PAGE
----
Scope Out Backup Locations

If I have to conduct a work call or essential assignment, I always scope out backup locations in advance in case my lodging wi-fi is bad, or something goes wrong. In Penang, Malaysia, for example, my wi-fi was questionable. Throughout the day I checked out passing coffee shops, popped into a few and saved them into my phone. Thank god, too. I wound up standing outside one of them later that night to take a call as the hostel router was, naturally, not working (and the shop was closed). 


What To Do When Things Don’t Go According To Plan

Sometimes. Many times. Almost every time while traveling, you plan ahead and things still go wrong….

  • I read the hotel reviews to ensure the wi-fi would be good, but upon arrival find it’s shitty…or doesn’t work at all
  • There’s an unexplained power outage…that lasts for days
  • There just isn’t wi-fi anywhere
  • There is allegedly wi-fi. My phone says it’s connected to wi-fi, but it doesn’t work
  • I forgot to charge my phone, again

In these and any other situations, there are two main things to do.

#1. Don’t Panic

If you’re lost/alone/have an impending freelance work deadline/need to make a call, panic can seem the first natural response. But, it’s essential to stay calm. First of all it’s just wi-fi so keep it in perspective. Second of all, to move into no-SIM-card survival tip #2 you need a clear head.

#2. Use Critical Thinking

Once you stop and assess the situation, you can go ahead and use some critical thinking skills to figure out how to find wi-fi…I suggest the following:

Wander Around

  • I’m on the bus, waking up from a terrible semi-sleep. I left in such haste I totally forgot to take a screenshot of my hostel address. Shoot. I hope for wi-fi in the station, but am instead dropped off on the side of the road wi-fi-less.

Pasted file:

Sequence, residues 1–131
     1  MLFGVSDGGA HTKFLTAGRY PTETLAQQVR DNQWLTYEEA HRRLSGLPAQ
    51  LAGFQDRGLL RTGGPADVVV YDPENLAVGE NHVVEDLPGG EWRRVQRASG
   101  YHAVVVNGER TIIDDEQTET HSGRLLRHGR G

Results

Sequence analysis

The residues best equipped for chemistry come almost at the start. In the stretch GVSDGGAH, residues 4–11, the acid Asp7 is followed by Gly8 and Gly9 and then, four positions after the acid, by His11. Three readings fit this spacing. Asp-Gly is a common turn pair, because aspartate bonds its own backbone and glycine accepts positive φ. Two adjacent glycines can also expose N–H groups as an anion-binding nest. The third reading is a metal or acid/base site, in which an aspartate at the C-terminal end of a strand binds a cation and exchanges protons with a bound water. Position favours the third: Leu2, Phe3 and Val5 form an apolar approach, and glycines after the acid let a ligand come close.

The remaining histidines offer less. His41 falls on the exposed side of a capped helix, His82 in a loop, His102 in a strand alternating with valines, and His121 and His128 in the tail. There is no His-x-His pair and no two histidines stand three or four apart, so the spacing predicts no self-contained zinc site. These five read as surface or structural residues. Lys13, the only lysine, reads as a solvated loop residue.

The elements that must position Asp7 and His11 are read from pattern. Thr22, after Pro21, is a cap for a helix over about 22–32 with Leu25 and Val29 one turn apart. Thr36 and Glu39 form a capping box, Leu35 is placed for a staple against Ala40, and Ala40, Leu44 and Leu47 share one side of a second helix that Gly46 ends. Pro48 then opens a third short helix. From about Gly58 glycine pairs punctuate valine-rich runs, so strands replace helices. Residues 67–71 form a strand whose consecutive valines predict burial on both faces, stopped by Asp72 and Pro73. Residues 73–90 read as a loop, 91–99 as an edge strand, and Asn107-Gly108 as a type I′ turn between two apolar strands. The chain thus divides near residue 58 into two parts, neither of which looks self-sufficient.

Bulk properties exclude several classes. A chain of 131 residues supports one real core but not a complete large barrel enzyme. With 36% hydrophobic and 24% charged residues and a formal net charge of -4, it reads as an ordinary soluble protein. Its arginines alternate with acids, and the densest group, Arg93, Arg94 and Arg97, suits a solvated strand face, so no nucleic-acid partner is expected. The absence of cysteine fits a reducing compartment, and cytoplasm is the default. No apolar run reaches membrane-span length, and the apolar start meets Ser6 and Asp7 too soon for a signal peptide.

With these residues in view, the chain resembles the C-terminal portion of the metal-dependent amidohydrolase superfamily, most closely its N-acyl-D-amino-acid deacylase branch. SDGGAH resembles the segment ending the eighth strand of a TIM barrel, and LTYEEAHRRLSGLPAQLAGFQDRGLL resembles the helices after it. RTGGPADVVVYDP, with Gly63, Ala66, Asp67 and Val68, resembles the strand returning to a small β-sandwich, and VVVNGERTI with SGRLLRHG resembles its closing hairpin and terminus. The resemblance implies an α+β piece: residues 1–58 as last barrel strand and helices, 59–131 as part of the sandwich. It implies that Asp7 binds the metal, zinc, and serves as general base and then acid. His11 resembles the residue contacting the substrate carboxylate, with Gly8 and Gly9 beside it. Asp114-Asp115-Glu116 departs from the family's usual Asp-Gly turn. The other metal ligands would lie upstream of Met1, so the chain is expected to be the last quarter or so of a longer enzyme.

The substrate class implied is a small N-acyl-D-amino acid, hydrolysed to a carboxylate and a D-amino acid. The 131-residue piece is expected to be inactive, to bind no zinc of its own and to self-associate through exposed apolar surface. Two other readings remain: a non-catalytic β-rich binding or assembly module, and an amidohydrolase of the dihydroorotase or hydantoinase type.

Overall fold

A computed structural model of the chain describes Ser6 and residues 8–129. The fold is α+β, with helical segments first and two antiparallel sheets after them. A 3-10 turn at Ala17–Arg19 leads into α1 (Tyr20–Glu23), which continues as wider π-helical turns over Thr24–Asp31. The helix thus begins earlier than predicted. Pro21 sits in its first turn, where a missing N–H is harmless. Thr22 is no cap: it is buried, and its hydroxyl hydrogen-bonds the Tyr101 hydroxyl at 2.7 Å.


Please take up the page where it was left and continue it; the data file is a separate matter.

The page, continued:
• If it’s a smaller town, just wander around. Likely you’ll find what you are looking for. This can even work in huge cities, assuming you’re in the main tourist/backpacker area.

Ask People

When in doubt, ask for help. Ask another traveler who is less cheap and has data to borrow their phone. Walk into a hostel and ask for help. Ask a local. Go into a hotel where people maybe speak english. genrally people are nice and will help you.

Squat In Front of McDonald’s Or [insert coffee shop name here]

I can’t count the number of times I’ve squatted outside McDonald’s to steal free wi-fi on one hand. I cannot count it on 2 hands. I’ve done this in the day to quickly check the map. I’ve done this at 1am to take a call. It’s not ideal, but McDonald’s wi-fi is pretty sold and generally password-free. KFC is also a good bet.

Find A Shopping Mall

For whatever reasons, many malls seem to have stellar free wi-fi. I have found this especially useful in random countries, such as while staying in a crumbling 1960s hotel with non-existent wi-fi in Malaysia. The mall, however, was brand spanking new with fast wi-fi.

Hangout In The Lobby Of A Nice Hotel

Sometimes I go into lobbies to rest/enjoy AC/use the bathroom. I feign I am a a guest, and as a clear foreign person it usually works (moral implications of this statement aside). Usually the wi-fi in hotels is password protected, but you can always ask another guest and/or take your fake guest act quite far and approach the desk.

Go To A Bigger City

Sometimes, especially on islands or in remote towns, wi-fi is just insufficient or simply doesn’t exist. In very rare instances, if I have a call or major assignment or really need to make an important booking, I just bite the bullet and travel back to a city for a few hours. It’s a pain, but if you did’t buy the SIM card for whatever reason, sometimes it must be done.